This year will be pivotal for one of the most controversial policies involving animal welfare in recent times, when the government decides whether to proceed with extending the badger cull pilots, which began last summer in the areas of Gloucestershire and Somerset, to other parts of England.
The effectiveness of the trials is currently being assessed by an Independent Expert Panel, who are expected to report back to the Secretary of State in February. However, the current evidence suggests that both culls have been a catastrophic failure with neither of the pilots able to comply with the original licencing conditions from Natural England, which stated 70 per cent of badgers in each zone should be culled within a continuous period of six weeks.
The official figures from Defra show that only 58 per cent of the badger population were killed in Somerset and 42 per cent in Gloucestershire. Even with extensions of 9 weeks in Somerset and 11 weeks in Gloucestershire, marksmen could not kill the required number and the Gloucestershire extension was abandoned when it became clear they could not meet their target. It is bad enough that these badgers were killed needlessly, but evidence suggest that culling could make the spread of bovine TB (bTB) even worse due to perturbation as infected animals flee to areas outside of the cull zones, spreading the disease.
Despite the growing discontent in Westminster, highlighted by the recent Westminster Hall debate led by Chris Williamson, Defra has indicated the culls may be expanded to areas designated as ‘high risk’ or ‘edge area’ for bTB as part of its strategy for achieving bTB-Free Status over the next 25 years and could involve creating ten new cull zones in England during 2014.
The decision to roll out this rapidly unravelling policy could be highly contentious for MPs in the affected constituencies, as public opinion increasingly favours a vaccination alternative. A recent poll carried out by YouGov for the League Against Cruel Sports revealed 37% of voters would regard a parliamentary candidate more favourably if they support vaccination, against 10% of those supporting a cull.
We urgently need transparency on the humanness criteria so MPs can properly evaluate and debate this matter before any further roll out is considered. In addition, the government must do more to find a vaccination alternative. A report by Lord Krebs, the scientific advisor who led the Randomised Badger Cull Trials from 1998 to 2006, concluded “the best prospect for control of bTB in the British herd is to develop a cattle vaccine”. Currently vaccination of cattle against bTB is forbidden under European Union legislation as it is impossible to tell apart an animal that has been vaccinated from one that is infected. But a new DIVA (Differentiate Infected From Vaccinated Animals) test, now enables scientists to distinguish between the two.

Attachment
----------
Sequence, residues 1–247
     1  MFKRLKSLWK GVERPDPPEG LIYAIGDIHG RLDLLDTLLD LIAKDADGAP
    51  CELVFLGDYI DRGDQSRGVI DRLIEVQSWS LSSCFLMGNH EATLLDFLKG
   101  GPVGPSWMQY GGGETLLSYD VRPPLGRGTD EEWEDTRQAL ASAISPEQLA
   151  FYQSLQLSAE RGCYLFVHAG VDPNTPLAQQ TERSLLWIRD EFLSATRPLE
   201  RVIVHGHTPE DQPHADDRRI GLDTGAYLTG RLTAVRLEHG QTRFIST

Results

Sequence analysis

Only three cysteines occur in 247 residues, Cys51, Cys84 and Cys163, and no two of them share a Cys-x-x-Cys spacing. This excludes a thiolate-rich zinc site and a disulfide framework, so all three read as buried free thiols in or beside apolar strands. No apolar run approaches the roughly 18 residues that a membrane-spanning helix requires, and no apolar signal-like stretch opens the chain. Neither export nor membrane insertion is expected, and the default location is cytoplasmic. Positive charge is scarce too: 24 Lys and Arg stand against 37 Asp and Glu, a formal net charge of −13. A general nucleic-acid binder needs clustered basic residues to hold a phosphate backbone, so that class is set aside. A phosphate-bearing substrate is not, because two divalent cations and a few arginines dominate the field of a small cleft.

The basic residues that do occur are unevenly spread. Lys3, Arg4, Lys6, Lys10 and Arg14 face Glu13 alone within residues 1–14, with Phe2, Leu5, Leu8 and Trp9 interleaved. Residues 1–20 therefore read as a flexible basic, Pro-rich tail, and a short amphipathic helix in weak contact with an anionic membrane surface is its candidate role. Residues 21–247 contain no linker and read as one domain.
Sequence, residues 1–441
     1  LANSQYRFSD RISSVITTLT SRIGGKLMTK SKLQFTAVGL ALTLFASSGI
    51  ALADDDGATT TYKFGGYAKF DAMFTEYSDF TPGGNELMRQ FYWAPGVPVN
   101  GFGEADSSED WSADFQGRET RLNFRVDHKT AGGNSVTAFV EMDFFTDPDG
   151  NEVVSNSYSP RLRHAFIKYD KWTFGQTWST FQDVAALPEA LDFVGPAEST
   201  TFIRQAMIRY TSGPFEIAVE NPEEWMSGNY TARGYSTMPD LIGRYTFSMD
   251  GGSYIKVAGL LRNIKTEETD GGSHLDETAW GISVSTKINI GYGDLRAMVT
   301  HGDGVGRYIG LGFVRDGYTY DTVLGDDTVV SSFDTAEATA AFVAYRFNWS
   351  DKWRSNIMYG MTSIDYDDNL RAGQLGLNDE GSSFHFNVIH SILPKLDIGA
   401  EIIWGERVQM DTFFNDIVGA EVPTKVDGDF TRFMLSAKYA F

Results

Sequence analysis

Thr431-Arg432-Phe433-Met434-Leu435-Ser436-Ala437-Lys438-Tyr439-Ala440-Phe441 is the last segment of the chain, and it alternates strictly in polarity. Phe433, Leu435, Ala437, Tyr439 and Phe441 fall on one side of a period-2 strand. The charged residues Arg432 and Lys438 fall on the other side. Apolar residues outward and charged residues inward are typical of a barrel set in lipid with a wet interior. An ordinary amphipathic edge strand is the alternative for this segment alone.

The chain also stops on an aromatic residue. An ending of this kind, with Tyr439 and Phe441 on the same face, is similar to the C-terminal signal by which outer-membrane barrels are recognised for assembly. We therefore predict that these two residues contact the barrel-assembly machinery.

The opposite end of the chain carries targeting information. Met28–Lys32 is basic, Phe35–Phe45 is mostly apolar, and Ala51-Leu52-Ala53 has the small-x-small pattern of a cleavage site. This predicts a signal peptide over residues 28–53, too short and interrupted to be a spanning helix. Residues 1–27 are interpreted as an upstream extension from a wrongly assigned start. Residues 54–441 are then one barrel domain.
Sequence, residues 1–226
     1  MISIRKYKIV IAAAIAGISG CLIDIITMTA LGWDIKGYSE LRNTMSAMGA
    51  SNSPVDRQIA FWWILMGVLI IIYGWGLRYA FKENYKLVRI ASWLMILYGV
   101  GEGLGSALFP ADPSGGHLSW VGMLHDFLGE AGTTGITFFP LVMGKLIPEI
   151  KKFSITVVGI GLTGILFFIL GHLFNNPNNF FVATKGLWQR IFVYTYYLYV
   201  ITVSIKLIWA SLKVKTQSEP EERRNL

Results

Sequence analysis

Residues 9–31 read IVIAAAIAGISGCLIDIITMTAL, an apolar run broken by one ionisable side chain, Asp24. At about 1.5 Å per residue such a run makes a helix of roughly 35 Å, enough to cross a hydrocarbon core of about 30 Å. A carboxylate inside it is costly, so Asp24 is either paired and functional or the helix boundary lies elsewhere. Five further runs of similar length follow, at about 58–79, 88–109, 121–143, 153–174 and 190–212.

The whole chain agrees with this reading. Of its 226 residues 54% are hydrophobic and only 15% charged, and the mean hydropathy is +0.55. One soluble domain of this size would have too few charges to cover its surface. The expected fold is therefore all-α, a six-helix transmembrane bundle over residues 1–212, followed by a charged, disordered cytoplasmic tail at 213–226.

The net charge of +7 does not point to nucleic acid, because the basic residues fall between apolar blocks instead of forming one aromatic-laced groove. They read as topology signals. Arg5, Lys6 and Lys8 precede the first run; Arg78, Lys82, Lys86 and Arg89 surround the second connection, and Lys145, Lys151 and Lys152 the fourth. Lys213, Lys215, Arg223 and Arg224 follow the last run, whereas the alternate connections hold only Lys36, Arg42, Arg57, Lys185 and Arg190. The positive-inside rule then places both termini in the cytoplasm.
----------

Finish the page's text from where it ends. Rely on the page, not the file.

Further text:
Despite the DIVA test, Defra claims it will take ten years before the EU Commission will allow vaccinated cattle to be traded internationally and argue farmers cannot wait this long for a solution to bTB. However, the evidence clearly shows culling does not provide a solution to bTB and, if anything, exacerbates the situation.
A new year is often a time to rethink how we tackle ongoing and sometimes seemingly insoluble problems. This is the opportunity for the government to acknowledge the failure of the pilots and look again at a more holistic approach, working with farmers and landowners to develop better animal husbandry policies and co-operating with animal welfare organisations. Above all, we need an honest, scientific led debate and the political will to find a vaccination alternative that will allow farmers to keep their cattle healthy and give badgers the protection they deserve.
We invite you to vote FOR or AGAINST the continuation of the badger cull in 2014. Even if you’re not from the UK, please vote and also leave your comments at the bottom of this page.
Now that you’ve voted, please contact your MP and ask them to sign EDM661 :
Don’t delay! Do it today.
The editorial content of this article was written by IanP for the League Against Cruel Sports.